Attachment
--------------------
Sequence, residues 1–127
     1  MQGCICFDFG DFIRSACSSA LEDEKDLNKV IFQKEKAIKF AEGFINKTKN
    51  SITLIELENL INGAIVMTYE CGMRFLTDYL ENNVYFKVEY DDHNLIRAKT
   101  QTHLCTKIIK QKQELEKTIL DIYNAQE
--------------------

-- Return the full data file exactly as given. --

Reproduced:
Sequence, residues 1–127
     1  MQGCICFDFG DFIRSACSSA LEDEKDLNKV IFQKEKAIKF AEGFINKTKN
    51  SITLIELENL INGAIVMTYE CGMRFLTDYL ENNVYFKVEY DDHNLIRAKT
   101  QTHLCTKIIK QKQELEKTIL DIYNAQE